BioByte 030: legislation for gene-edited crops, bio-developer survey, foundation model for single cell biology, first non-hormonal menopause drug
Welcome to Decoding Bio, a writing collective focused on the latest scientific advancements, news, and people building at the intersection of tech x bio. If you’d like to connect or collaborate, please shoot us a note here or chat with us on Twitter: @ameekapadia @ketanyerneni @morgancheatham @pablolubroth @patricksmalone. Happy decoding!
Packed newsletter this week! If you only have a moment, here are the highlights:
New legislation in the UK that enables genetic technologies for agriculture and food production, permitting precision breeding using gene editing to engineer disease resistance, climate-resilience, and other desirable traits
Results from the 2022 Biodeveloper Survey, summarizing the coding habits and tech-stacks of biologists
FDA approval of first non-hormonal drug for menopause, an NK-3 receptor antagonist that helps normalize body temperature regulation in the brain
A foundation model for single cell RNA-seq called scGPT, providing early evidence for a general-purpose model for a range of single cell tasks including cell annotation, batch normalization, and gene perturbation prediction
Spatiotemporal cell and gene trajectories of human retinal organoid development
What we read
New precision-breeding law unlocks gene editing in England [Caccamo, Nature Biotechnology Correspondence, May 2023]
The weight of scientific opinion is clear that the risks from gene-edited crops are no greater than those from conventionally bred ones, as summarized by leading regulatory authorities such as the European Food Safety Authority and Health Canada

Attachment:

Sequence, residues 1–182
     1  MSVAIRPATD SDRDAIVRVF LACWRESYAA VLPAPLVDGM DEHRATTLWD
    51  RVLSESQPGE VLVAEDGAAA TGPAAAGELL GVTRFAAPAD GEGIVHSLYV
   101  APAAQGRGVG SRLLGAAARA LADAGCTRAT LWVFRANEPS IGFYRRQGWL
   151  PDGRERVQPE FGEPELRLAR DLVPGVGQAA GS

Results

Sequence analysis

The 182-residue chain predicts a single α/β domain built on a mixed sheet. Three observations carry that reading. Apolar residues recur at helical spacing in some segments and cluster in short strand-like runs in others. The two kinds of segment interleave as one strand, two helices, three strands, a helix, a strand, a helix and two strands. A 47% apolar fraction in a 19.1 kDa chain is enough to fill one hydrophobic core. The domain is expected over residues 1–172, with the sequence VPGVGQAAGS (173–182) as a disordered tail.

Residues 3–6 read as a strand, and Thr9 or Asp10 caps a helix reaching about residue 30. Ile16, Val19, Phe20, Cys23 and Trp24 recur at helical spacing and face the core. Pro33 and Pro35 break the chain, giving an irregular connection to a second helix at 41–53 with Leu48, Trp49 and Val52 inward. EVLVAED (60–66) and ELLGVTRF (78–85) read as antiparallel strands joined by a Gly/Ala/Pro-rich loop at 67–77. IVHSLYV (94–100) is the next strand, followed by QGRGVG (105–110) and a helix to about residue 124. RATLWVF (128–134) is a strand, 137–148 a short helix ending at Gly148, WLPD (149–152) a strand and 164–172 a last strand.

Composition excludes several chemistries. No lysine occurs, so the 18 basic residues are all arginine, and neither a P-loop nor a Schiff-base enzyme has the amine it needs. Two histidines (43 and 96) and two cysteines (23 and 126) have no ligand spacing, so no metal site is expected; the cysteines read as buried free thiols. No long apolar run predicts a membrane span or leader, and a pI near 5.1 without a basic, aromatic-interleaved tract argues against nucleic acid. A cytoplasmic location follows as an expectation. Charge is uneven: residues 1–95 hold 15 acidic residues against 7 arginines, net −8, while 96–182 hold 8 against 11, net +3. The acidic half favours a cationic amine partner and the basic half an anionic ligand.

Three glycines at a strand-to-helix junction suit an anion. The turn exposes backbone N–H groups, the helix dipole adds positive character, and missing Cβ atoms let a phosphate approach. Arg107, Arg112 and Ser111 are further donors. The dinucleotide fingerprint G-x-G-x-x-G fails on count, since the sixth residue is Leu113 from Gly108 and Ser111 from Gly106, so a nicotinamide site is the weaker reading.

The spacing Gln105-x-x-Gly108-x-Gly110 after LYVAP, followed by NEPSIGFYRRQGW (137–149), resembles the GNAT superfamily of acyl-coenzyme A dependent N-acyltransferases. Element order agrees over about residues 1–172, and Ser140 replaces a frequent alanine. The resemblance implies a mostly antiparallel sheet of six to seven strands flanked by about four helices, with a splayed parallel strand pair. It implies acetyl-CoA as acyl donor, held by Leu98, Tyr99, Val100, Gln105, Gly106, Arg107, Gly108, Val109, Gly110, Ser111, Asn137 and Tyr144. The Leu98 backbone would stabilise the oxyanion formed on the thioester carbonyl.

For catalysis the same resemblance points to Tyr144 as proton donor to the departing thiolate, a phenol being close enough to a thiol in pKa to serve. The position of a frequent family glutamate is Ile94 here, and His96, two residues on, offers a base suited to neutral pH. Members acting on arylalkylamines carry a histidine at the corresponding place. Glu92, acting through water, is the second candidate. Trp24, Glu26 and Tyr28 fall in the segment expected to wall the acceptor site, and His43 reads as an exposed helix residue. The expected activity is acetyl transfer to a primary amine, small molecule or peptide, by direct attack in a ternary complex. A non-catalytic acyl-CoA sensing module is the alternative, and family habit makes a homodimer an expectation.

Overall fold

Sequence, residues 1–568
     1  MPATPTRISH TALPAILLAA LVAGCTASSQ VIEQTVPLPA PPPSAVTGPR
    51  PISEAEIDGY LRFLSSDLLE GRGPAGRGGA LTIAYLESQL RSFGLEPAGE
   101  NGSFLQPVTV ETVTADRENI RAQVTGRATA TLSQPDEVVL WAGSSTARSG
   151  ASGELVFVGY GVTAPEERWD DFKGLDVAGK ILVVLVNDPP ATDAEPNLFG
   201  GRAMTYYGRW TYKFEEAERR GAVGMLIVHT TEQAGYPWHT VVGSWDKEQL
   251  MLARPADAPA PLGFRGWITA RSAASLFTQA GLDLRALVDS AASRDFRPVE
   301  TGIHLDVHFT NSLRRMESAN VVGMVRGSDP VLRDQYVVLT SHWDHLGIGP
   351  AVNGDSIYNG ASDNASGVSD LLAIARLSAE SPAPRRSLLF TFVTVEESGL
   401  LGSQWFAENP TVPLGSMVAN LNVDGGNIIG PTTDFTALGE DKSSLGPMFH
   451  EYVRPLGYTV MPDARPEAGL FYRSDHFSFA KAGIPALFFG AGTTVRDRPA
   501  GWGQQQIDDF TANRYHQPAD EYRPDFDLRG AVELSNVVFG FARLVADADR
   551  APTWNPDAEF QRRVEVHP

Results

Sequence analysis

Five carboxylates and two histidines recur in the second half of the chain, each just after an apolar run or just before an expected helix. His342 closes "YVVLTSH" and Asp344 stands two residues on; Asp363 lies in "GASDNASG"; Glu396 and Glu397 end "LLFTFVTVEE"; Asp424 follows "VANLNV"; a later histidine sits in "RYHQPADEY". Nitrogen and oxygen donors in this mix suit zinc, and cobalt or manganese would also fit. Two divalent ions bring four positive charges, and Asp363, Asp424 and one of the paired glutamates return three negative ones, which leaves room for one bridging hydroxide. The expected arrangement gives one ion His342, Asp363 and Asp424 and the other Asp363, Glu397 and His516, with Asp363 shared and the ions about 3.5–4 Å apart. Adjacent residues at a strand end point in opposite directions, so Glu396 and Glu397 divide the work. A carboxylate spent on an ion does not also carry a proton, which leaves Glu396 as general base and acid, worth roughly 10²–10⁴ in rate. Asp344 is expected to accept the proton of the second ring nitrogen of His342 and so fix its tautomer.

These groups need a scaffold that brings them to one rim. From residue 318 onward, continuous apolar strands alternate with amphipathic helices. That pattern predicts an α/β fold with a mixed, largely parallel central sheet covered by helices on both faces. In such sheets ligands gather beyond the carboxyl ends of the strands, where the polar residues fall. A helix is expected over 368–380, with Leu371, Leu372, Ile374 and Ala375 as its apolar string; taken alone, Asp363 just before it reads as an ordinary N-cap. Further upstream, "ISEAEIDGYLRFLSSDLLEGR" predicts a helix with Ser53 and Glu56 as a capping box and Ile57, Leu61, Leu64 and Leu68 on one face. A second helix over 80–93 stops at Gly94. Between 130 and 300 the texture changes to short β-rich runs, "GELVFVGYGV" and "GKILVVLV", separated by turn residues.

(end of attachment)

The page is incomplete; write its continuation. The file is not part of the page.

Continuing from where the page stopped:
Earlier this year, the Genetic Technology Bill became an Act of Parliament in the UK, the first one in decades to enable genetic technologies for agriculture and food production. This precision breeding bill will allow new crop traits to be commercialized, that will bring more nutritious, climate-resistant and disease-resistant crops. This places England alongside Argentina, Australia, Japan, Canada and the US in the list of countries that allow gene editing for crops.
Specifically, the law states that “that new crop varieties or animal breeds that are created using a technology that introduces genetic changes that could have occurred in nature or via traditional breeding methods should not be regulated as genetically modified organisms”. This means that crops where the modification doesn’t introduce foreign DNA will be categorised as ‘precision-bred organisms’ instead of being labelled a GMO.
Recent studies have shown the potential of precision-breeding:
“Wheat varieties that could be suitable for consumers who are gluten intolerant have been created by removing the epitopes from the gliadin proteins in wheat gluten
The ‘Sicilian Rouge’ tomato variety (which has been commercialized in Japan) has been edited to contain high concentrations of γ-aminobutyric acid, a compound that is associated with lowering blood pressure
Scientists have recently used gene editing to increase provitamin D3 in both the fruit and leaves of tomato plants. This, in turn, is converted into vitamin D3 through exposure to UVB light